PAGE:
Baltimore Schools CEO Andrés Alonso surprised many yesterday with the announcement that he's retiring on June 30th. Alonso has lead the city school system for six years, and leaves midway through his second contract to take care of ailing parents and to teach at Harvard. When he spoke before a standing-room crowd yesterday, he came with no notes -- just pure emotion.
"I didn’t prepare any words today..."
He said the sign on the school where he first taught in New Jersey still inspires him.
"Kids come as is, they’re not made to order."
“Kids come as is, they’re not made to order”.
And then he told of his first principal’s recent passing. Alonso had the crowd of supporters in the palm of his hand – they teared up with him, they called out support, and they rose to their feet to applaud that what his work has brought to Baltimore.
“I think we are in such a high plane, there is so much momentum. There is such a high belief. People talked about hope in the beginning. I think we are beyond hope. There’s enormous demonstration of what is possible.”
Alonso thanked the community and the school board for giving him time to maneuver.
“I’m grateful that I had the opportunity to lead a district where there was a readiness for a certain kind of leadership.”
Under his leadership, the district’s dropout and suspension rate dropped significantly. He tried to trim the fat at North Avenue by cutting jobs at the administrative level. But he was also in charge when last year a state legislative audit found millions of dollars at question in the school district’s books. And Baltimore city teachers have a complicated relationship with the outgoing CEO.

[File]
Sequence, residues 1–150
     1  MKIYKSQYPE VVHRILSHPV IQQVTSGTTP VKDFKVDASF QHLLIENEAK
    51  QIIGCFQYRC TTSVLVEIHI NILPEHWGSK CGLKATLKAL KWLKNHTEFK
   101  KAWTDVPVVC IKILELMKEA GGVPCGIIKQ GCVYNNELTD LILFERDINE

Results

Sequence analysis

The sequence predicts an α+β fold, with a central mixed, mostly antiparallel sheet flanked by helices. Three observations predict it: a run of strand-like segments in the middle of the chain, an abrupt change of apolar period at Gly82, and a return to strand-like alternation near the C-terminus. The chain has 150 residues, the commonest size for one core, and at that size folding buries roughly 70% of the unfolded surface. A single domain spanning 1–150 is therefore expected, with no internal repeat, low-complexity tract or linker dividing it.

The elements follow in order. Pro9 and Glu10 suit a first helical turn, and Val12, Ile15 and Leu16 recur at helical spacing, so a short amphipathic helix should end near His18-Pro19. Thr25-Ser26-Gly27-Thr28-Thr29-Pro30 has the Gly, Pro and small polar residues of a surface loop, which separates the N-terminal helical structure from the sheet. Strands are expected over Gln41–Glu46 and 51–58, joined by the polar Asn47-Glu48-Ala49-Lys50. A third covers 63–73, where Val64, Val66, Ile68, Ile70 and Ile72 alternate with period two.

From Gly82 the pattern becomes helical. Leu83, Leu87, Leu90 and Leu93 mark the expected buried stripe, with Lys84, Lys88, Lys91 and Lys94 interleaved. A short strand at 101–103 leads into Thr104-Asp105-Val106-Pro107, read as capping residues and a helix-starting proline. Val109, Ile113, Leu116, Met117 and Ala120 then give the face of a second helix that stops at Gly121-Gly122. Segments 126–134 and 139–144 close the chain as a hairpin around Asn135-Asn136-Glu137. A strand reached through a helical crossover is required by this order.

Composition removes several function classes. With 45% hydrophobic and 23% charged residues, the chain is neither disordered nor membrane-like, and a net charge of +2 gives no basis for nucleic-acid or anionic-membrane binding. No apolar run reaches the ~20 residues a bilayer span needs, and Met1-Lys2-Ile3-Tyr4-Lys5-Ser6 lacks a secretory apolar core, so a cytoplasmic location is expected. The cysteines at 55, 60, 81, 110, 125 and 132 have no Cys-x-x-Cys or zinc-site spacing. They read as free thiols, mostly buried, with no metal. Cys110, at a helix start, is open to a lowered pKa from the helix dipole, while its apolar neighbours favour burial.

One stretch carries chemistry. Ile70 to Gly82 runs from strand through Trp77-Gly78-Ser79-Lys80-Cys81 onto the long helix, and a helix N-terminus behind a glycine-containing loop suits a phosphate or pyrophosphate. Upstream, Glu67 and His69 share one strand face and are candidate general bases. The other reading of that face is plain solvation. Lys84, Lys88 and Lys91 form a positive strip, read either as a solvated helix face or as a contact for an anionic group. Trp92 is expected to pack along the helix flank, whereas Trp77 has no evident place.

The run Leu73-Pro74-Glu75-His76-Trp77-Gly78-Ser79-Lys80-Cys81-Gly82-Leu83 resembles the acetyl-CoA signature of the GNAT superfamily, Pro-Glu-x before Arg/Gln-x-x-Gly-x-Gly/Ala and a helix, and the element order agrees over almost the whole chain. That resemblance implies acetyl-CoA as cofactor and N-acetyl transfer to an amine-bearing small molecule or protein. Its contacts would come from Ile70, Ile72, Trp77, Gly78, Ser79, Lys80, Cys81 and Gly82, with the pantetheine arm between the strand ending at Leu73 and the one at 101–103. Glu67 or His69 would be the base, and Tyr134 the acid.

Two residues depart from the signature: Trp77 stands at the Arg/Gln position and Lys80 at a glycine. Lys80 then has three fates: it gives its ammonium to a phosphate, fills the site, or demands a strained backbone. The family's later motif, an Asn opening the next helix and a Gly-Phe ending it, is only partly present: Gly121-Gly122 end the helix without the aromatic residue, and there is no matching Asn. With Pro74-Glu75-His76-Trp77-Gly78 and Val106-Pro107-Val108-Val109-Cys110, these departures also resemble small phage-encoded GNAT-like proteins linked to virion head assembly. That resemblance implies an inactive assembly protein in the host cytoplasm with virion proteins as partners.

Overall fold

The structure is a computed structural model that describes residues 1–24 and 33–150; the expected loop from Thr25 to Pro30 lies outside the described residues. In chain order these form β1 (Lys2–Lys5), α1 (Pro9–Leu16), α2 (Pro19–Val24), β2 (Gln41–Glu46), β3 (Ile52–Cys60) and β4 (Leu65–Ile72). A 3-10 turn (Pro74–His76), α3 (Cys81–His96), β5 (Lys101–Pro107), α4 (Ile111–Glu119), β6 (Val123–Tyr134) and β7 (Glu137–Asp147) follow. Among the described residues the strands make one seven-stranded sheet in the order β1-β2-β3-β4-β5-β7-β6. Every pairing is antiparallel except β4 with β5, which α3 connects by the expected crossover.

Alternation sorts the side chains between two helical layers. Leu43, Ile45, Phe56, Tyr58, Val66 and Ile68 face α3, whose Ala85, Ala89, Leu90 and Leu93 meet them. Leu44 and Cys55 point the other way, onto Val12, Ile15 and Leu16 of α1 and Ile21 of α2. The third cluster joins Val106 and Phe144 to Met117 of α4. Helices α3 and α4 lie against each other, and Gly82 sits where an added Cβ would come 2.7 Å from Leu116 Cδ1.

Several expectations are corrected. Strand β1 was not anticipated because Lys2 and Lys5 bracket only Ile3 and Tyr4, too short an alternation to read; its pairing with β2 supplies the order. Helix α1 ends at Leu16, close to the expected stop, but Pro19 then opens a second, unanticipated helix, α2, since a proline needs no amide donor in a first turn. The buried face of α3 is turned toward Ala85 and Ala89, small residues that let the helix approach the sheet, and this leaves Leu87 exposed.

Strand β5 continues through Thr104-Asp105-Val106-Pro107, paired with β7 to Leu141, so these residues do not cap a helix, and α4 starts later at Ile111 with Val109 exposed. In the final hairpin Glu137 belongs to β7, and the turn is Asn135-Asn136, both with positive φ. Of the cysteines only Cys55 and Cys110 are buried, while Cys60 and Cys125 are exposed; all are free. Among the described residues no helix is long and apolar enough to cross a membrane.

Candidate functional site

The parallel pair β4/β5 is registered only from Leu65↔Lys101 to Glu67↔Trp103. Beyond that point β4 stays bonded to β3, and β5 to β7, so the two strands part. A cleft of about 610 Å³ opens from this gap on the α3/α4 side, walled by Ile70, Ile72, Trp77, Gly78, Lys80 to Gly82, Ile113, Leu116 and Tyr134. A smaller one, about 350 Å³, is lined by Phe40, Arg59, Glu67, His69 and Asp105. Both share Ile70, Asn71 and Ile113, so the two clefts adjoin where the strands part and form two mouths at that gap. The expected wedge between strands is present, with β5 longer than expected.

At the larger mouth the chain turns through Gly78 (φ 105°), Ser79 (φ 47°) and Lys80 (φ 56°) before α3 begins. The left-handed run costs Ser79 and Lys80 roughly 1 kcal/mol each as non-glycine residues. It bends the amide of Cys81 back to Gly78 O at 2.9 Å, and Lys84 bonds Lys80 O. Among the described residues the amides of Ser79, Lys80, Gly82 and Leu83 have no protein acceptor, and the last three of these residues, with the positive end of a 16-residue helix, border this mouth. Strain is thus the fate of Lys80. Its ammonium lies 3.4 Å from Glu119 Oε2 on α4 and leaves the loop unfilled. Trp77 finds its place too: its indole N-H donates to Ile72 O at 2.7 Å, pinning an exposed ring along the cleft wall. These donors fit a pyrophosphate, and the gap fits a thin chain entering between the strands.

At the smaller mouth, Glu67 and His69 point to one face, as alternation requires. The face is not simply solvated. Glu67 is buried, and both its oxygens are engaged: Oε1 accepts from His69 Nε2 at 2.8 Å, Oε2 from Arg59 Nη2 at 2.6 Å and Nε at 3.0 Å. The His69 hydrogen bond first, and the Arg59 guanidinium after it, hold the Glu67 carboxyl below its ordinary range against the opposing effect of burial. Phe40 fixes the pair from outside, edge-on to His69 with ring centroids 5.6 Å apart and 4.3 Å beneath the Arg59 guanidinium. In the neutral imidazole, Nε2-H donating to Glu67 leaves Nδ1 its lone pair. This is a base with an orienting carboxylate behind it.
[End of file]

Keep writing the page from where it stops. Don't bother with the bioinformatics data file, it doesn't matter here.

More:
“Well, you get mixed reactions.”
Marietta English, president of the Baltimore Teachers Union points out that the relationship between the teachers and the CEO has improved in recent years.
”But I think because we have this landmark contract that has been very good for them and Dr Alonso has been very supportive of that there will be some surprise that he’s leaving and then they will wonder what’s going to happen with their contract.”
The CEO had a reputation of not shying away from controversy – closing, merging, and expanding schools, and diving into a cheating scandal. Councilwoman Mary Pat Clarke said they didn’t always agree. But that even though Alonso is a controversial figure…
"I’m sad to lose him. He’s been a great leader of our system – he’s stuck it out. He’s made some amazing changes – for example the largest grant of money for our children in this construction 1.1 billion. That’s a legacy to be proud of for sure."
Alonso leaves Baltimore City Schools with the windfall of school construction money that was approved this year by the General Assembly. The district will work with city government, state government, and the Maryland Stadium Authority to renovate old buildings and build new ones, starting next year.
As he spoke of these transitions, he passed the baton to his chief of staff, Tisha Edwards, who will be the interim CEO. School Officials say a permanent CEO will be put in position by July first 2014.